APIModel

Source module: fastapi_utils.api_model


One of the most common nuisances when developing a python web API is that python style typically involves snake_case attributes, whereas typical JSON style is to use camelCase field names.

Fortunately, pydantic has built-in functionality to make it easy to have snake_case names for BaseModel attributes, and use snake_case attribute names when initializing model instances in your own code, but accept camelCase attributes from external requests.

Another BaseModel config setting commonly used with FastAPI is orm_mode, which allows your models to be read directly from ORM objects (such as those used by SQLAlchemy).

You can use fastapi_utils.api_model.APIModel to easily enable all of these frequently desirable settings.

Create a model

To make use of APIModel, just use it instead of pydantic.BaseModel as the base class of your pydantic models:

from dataclasses import dataclass
from typing import NewType
from uuid import UUID

from fastapi import FastAPI

from fastapi_utils.api_model import APIModel

UserID = NewType("UserID", UUID)


class User(APIModel):
    user_id: UserID
    email_address: str


@dataclass
class UserORM:
    """
    You can pretend this class is a SQLAlchemy model
    """

    user_id: UserID
    email_address: str


app = FastAPI()


@app.post("/users", response_model=User)
async def create_user(user: User) -> UserORM:
    return UserORM(user.user_id, user.email_address)

Info

You can use typing.NewType as above to (statically) ensure that you don’t accidentally misuse an ID associated with one type of resource somewhere that an ID of another type of resource is expected.

This is useful since it can be difficult, for example, to immediately recognize that you’ve passed a user ID where a product ID was supposed to go just by looking at its value. Using typing.NewType ensures mypy can check this for you.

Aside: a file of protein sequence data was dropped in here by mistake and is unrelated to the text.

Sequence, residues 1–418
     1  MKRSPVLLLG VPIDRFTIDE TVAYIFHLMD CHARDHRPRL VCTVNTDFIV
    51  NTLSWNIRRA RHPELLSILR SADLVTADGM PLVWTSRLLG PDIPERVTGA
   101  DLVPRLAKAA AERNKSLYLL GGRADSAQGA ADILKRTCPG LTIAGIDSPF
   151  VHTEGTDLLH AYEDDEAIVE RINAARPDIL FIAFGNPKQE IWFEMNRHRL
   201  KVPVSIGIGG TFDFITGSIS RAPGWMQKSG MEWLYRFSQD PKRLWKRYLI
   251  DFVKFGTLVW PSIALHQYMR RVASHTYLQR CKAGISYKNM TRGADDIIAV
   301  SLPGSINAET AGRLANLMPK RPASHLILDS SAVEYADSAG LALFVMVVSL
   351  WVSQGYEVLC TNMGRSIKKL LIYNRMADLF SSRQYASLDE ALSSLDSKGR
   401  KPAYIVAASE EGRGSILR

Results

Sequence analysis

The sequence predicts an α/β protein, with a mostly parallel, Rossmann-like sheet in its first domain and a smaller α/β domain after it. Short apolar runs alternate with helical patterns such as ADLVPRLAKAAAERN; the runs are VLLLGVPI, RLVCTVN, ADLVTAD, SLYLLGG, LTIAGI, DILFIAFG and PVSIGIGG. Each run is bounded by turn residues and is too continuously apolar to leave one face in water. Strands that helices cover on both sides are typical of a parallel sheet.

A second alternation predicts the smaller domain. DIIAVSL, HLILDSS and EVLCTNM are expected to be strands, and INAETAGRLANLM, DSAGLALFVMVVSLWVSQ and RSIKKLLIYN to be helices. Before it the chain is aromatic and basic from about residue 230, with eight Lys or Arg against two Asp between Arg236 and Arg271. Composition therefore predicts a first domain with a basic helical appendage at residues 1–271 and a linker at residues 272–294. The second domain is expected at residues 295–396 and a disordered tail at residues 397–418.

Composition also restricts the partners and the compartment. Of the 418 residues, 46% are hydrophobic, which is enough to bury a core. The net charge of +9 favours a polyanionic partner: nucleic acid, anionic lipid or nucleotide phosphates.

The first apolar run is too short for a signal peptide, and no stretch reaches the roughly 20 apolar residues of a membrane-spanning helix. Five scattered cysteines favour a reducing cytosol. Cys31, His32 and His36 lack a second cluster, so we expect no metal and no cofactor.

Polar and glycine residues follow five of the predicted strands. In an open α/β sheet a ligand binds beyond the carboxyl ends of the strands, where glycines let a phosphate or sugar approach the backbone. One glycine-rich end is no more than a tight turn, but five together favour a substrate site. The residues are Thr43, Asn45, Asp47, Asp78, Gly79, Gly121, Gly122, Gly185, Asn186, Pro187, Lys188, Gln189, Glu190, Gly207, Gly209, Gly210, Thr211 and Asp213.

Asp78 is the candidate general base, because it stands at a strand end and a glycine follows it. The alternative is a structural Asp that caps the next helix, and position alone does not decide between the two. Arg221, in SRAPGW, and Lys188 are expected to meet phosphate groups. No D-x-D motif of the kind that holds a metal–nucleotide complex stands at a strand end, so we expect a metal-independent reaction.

For a more detailed explanation and example, see this GitHub issue comment

Now, you can make requests to endpoints expecting User as the body using either snake case:

{
  "user_id": "00000000-0000-0000-0000-000000000000",
  "email_address": "user@email.com"
}

or camel case:

{
  "userId": "00000000-0000-0000-0000-000000000000",
  "emailAddress": "user@email.com"
}

and both will work.

In addition, if you set the response_model argument to the endpoint decorator and return an object that can’t be converted to a dict, but has appropriately named fields, FastAPI will use pydantic’s orm_mode to automatically serialize it.

from dataclasses import dataclass
from typing import NewType
from uuid import UUID

from fastapi import FastAPI

from fastapi_utils.api_model import APIModel

UserID = NewType("UserID", UUID)


class User(APIModel):
    user_id: UserID
    email_address: str


@dataclass
class UserORM:
    """
    You can pretend this class is a SQLAlchemy model
    """

    user_id: UserID
    email_address: str


app = FastAPI()


@app.post("/users", response_model=User)
async def create_user(user: User) -> UserORM:
    return UserORM(user.user_id, user.email_address)